Difference between revisions of "Kurukulla"

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[[Image:Kurukulla.jpg|frame|From the visions of [[Jamyang Khyentse Wangpo]]. (Courtesy of [[Dzongsar Jamyang Khyentse Rinpoche]])]]
 
[[Image:Kurukulla.jpg|frame|From the visions of [[Jamyang Khyentse Wangpo]]. (Courtesy of [[Dzongsar Jamyang Khyentse Rinpoche]])]]
'''Kurukulla''' (Skt. ''kurukullā''; Tib. [[རིག་བྱེད་མ་]], ''rikjéma''; [[Wyl.]] ''rig byed ma'') — a female deity of the [[Lotus family]], associated with the activity of magnetizing. She is usually depicted as red in colour, in dancing posture and holding a flowery bow and arrow. She is also one of the [[Twenty-One Taras]] mentioned in the ancient [[Tara]] [[tantra]]s.
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'''Kurukulla''' (Skt. ''kurukullā''; Tib. [[རིག་བྱེད་མ་]], ''rikjéma''; [[Wyl.]] ''rig byed ma'') — a female deity of the [[Lotus family]], associated with the activity of magnetization or enchantment. She is usually depicted as red in colour, in dancing posture and holding a flowery bow and arrow. She is also one of the [[Twenty-One Taras]] mentioned in the ancient [[Tara]] [[tantra]]s.
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It should be noted that in her well known mantra, it says Kurukulle and not Kurukulla, yet this is because of the vocative form of Sanskrit grammar. The proper noun in Sanskrit is thus Kurukulla, although Tibetans call her Kurukulle.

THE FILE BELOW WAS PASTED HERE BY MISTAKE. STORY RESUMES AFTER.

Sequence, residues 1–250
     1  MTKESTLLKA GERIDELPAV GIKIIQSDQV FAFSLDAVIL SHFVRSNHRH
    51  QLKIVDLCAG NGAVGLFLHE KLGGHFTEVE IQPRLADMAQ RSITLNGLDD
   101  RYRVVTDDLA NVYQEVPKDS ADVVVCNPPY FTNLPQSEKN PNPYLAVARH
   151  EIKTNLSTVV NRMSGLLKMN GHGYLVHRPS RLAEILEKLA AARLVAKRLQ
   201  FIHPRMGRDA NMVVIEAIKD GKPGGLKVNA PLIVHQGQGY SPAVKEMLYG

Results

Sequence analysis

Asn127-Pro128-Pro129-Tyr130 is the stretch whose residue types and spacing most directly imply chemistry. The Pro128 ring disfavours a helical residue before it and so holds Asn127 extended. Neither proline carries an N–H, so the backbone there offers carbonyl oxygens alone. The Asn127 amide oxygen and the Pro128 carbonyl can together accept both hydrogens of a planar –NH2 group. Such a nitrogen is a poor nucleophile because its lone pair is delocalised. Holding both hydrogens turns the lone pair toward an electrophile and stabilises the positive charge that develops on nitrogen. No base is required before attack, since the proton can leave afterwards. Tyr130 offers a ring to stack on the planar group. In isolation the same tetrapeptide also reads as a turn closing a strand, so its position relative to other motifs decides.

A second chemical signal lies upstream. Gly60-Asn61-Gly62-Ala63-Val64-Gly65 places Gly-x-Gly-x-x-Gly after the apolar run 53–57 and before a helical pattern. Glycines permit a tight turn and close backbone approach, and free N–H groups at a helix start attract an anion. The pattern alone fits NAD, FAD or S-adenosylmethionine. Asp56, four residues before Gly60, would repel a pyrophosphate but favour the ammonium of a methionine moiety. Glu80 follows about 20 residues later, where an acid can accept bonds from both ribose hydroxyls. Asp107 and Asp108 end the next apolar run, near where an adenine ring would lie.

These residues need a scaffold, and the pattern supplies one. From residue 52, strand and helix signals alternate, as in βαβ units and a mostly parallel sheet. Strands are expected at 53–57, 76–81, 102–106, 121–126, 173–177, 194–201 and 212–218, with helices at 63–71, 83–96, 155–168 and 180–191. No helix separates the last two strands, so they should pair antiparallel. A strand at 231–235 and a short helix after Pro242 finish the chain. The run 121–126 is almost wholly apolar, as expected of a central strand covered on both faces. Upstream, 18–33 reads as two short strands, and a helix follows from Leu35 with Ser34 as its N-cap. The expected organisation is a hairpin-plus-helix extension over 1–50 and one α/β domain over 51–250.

==External Links==
 
==External Links==
 
*[http://www.himalayanart.org/pages/kurukulla/index.html Outline page on Himalayan Art]
 
*[http://www.himalayanart.org/pages/kurukulla/index.html Outline page on Himalayan Art]
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*{{84000|http://read.84000.co/translation/UT22084-081-006.html|The Practice Manual of Noble Tārā Kurukullā}}
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*[http://all-otr.org/vajrayana/38-magnetizing-activity-what-is-it-how-to-practise-it Orgyen Tobgyal Rinpoche on Kurukulla and Magnetizing Practice]
  
[[Category:Buddhas and Deities]]
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[[Category:Buddhas and Deities]][[Category:84000 Translations]]

Latest revision as of 16:01, 15 January 2018

Kurukulla (Skt. kurukullā; Tib. རིག་བྱེད་མ་, rikjéma; Wyl. rig byed ma) — a female deity of the Lotus family, associated with the activity of magnetization or enchantment. She is usually depicted as red in colour, in dancing posture and holding a flowery bow and arrow. She is also one of the Twenty-One Taras mentioned in the ancient Tara tantras.

It should be noted that in her well known mantra, it says Kurukulle and not Kurukulla, yet this is because of the vocative form of Sanskrit grammar. The proper noun in Sanskrit is thus Kurukulla, although Tibetans call her Kurukulle.

External Links